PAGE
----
A couple quick comments (though this is probably a mostly dead topic by now)…
The original question mentioned workflow in the subject. SU does not prescribe a workflow any more than MS Word or Excel does. They are all just tools, though very powerful & complex ones. A hammer or screwdriver does not prescribe the workflow for how to build a house or a cabinet. This is a useful comparison, because the workflow for building a house would be quite different than that for building a cabinet. And SU can be used for either (and many more things). One of the fertile topics of conversation both in the forums & in the videos is the various workflows that people have worked out in their various contexts.
As for additive or subtractive modeling, it really depends on what you’re making. I use both.
Don’t miss the importance of components and groups. When you watch the videos, you may get the impression that these are just more tools at your disposal. I would say that these are required elements. You can do a lot of modeling without ever drawing a circle, but you can’t do much without a component. If in doubt about which to use, make it a component, for the reasons given above. I rarely use groups - usually when I want to combine a set of components into a larger structure that will never by copied.
Layers - I have watched videos about this and read many posts in this forum about layers and so far have found no compelling reason to start using them. As mentioned above, it’s primarily about visibility - or to put it differently, it’s about how you want to present your model to others. If you are a professional architect / designer, you may find layers indispensable. If this is just your hobby (as it is mine), you may find that using scenes gets you everything you need for visibility and layers are unneeded.
Layout - I haven’t yet found occasion to use this. Depends on what you’re doing. I suspect that layout will be more useful when designing a building than when designing a cabinet. (Correct me, if I’m wrong.)
Intuition - this comes from experience. Like you, I was initially frustrated at a UI that seemed so intuitive up to a point and then suddenly became inscrutable when stuff didn’t work out the way I wanted. I have had to develop new intuitions about how to work with SU, which has come with much practice and much reading what the sages write in response to these forum posts. For sure, they have developed a unique way of looking at problems that often surprises me.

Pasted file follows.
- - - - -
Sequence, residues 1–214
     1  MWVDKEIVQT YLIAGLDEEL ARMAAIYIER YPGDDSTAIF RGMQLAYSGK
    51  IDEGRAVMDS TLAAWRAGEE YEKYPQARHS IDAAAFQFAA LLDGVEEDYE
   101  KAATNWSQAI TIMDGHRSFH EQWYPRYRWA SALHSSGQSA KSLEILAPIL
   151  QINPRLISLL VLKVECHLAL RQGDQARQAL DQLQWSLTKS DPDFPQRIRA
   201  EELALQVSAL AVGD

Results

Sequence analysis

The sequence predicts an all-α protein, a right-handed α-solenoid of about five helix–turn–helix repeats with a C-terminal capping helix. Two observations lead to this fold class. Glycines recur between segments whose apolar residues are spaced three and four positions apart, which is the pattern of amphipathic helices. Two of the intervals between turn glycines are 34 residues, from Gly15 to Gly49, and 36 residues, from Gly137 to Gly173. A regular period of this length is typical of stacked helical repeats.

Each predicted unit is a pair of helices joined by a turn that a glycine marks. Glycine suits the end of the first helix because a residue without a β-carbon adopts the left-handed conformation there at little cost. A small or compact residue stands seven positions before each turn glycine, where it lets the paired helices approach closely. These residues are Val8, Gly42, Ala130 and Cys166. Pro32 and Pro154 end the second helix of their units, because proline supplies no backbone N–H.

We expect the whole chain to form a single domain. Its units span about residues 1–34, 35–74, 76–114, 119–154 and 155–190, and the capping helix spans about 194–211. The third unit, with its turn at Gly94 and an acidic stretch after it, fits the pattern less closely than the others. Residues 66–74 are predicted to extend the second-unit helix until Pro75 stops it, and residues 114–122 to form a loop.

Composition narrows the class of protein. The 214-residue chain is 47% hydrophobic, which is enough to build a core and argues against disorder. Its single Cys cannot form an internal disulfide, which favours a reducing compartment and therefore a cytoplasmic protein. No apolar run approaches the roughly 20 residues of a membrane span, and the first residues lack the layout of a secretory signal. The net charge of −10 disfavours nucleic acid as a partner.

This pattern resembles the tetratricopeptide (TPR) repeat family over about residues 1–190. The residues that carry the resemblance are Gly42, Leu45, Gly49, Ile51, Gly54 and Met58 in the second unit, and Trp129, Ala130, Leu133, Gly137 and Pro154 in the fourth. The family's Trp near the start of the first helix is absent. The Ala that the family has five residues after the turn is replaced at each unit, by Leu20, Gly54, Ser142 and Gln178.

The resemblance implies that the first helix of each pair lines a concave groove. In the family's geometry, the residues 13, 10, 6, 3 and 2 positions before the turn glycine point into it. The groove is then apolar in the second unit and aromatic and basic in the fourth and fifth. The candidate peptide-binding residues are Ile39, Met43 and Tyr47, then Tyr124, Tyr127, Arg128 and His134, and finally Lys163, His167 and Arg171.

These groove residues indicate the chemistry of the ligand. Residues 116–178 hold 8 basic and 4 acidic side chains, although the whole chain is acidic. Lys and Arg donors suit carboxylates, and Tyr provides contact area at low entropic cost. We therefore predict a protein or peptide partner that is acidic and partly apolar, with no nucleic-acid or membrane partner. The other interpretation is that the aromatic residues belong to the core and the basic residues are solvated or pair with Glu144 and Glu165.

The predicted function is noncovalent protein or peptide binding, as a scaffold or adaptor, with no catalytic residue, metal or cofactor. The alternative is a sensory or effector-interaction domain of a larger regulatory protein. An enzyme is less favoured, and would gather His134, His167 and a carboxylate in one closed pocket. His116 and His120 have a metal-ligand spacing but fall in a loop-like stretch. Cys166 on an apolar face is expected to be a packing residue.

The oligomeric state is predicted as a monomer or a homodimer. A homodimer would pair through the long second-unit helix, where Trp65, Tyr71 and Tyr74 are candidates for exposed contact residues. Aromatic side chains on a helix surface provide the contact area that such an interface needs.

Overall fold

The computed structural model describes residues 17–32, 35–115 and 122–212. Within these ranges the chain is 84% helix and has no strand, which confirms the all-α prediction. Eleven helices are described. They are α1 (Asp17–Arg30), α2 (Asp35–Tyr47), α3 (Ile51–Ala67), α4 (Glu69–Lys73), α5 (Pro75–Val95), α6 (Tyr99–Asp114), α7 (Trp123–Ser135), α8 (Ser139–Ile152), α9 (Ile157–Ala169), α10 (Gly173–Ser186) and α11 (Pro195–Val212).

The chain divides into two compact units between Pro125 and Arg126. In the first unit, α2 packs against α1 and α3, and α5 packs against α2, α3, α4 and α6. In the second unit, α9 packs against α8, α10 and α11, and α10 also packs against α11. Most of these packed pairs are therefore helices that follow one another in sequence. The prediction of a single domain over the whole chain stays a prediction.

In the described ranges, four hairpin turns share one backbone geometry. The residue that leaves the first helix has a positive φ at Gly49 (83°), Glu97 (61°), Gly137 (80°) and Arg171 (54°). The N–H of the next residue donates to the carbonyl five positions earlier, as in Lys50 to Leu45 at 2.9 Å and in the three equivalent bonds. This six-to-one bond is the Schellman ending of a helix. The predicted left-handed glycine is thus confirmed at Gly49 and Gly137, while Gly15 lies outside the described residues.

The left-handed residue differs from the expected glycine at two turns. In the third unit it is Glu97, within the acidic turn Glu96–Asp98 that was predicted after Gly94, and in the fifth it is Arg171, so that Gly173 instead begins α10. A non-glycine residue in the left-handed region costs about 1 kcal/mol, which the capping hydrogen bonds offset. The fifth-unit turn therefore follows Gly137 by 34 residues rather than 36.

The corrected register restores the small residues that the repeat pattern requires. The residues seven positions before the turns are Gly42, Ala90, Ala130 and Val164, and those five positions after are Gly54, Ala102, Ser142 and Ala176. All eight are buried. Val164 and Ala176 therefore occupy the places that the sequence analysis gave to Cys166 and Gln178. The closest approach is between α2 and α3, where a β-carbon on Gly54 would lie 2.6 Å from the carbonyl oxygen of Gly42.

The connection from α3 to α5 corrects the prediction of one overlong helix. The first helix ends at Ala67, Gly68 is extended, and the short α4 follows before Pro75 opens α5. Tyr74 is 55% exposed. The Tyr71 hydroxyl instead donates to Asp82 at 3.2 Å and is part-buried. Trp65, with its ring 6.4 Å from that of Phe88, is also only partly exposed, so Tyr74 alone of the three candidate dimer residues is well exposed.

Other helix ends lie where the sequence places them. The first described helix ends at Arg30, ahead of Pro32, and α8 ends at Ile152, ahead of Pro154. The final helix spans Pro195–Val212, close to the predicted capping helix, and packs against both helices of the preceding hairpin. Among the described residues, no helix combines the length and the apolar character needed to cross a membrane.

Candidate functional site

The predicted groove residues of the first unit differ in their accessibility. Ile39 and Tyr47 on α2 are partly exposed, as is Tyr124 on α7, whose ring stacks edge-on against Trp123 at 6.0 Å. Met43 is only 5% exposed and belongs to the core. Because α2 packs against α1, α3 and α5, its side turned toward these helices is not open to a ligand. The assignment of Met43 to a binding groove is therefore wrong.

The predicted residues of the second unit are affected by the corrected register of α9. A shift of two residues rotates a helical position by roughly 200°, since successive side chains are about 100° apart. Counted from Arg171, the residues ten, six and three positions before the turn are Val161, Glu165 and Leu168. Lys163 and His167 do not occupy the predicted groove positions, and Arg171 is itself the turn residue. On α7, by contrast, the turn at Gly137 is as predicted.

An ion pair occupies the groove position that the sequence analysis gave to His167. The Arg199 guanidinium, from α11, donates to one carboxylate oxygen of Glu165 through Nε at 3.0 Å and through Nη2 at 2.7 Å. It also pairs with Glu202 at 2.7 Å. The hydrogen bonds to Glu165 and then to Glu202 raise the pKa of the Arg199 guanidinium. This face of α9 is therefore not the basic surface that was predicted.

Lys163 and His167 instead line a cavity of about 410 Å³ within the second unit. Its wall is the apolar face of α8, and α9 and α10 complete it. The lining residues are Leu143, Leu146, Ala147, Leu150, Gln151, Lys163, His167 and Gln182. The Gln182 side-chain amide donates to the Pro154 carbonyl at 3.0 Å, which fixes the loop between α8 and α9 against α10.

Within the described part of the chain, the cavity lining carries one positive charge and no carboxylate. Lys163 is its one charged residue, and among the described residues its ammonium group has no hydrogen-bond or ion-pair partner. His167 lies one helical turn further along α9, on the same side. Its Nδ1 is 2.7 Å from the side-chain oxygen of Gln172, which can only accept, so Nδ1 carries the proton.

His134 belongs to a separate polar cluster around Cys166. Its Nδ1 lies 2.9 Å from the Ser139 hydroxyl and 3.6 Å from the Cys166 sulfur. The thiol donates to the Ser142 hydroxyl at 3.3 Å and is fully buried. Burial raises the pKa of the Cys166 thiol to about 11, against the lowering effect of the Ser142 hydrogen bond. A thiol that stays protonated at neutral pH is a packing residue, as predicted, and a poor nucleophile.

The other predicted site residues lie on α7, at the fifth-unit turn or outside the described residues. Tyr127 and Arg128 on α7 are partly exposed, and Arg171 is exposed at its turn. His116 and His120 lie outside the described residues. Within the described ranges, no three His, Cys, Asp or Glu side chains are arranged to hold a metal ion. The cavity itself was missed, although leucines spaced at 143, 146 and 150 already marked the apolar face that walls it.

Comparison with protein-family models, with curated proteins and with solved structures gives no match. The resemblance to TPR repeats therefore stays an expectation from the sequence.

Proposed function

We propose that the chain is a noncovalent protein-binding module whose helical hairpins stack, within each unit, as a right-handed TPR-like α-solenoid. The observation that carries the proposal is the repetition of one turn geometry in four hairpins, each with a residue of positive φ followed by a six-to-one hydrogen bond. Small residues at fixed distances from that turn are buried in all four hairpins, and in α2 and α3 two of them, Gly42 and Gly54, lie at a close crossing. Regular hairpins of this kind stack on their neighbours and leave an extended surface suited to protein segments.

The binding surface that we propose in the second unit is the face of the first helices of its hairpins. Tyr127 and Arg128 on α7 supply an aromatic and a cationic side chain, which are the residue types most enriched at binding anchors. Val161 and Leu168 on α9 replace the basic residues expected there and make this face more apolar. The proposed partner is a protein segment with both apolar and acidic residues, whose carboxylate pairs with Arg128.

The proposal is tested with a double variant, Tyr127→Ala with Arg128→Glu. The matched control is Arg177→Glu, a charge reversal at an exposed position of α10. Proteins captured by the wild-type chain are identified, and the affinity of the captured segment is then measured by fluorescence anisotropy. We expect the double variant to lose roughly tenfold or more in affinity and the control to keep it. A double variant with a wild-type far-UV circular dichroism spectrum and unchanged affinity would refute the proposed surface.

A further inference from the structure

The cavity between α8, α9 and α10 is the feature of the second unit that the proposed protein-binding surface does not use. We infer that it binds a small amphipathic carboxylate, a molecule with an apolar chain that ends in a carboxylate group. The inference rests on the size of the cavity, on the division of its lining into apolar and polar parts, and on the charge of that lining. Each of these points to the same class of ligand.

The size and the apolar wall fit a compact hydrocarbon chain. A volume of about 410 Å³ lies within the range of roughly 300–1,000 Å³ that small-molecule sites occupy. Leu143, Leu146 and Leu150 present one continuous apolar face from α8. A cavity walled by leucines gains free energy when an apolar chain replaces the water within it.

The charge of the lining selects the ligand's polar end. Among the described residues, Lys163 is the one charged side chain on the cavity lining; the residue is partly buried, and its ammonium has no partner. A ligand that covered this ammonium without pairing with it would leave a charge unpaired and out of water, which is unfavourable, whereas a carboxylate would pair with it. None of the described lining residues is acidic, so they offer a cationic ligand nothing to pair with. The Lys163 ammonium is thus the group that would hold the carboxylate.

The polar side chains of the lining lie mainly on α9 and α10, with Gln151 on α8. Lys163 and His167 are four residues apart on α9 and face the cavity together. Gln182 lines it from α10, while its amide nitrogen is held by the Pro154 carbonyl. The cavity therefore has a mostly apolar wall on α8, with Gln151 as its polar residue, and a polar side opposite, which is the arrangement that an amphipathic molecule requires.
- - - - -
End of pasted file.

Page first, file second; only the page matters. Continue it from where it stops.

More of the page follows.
Because many years ago I studied a little of computer graphics, I know some of the lingo & the concepts (eg. What is an extrusion?). It seems like the SU developers had that as a background. But then they had lots of interactions with architects and designers, which has shaped the way that more advanced features were developed. So those things may be much more intuitive for people with that training than it is for me.
One kind of intuition you will need to develop has to do with working around SU’s limitations. It is a very powerful & useful program. But it still has limitations. You pick this up when you read about scaling things up to make some edit then scaling it back down again. Or about only modeling the detail on a portion of your model and not maintaining the same level of detail throughout.
I once had an idea for a community. I started with a basic apartment block & some retail space at the end. I wanted to give it a certain style, so the facade had a good bit of detail. I copied these ‘modules’ to make city blocks, then copied those blocks to create neighborhoods around a central community gathering point. But the facade details were duplicated so many times, that SU was getting sooo sloooow rendering it all. It was unusable. From the forum I picked up the idea to take my apartment block into a separate SU file with all the facade detail maintained. Then in the overall community view, I removed that detail & replaced it with a texture to approximate it. That helped a lot, but it was still sluggish. You end up playing games like this just to get around SU’s limitations in what it can feasibly render, and that depends a lot on your machine.
So, yes, I get your confusion & frustration. If you wanted a piece of software that you could learn in a weekend & immediately become an expert, sorry… SU is way too powerful for that. But I have spent many enjoyable hours working with it over the years (since 2008). I hope you will enjoy the time you spend, as well.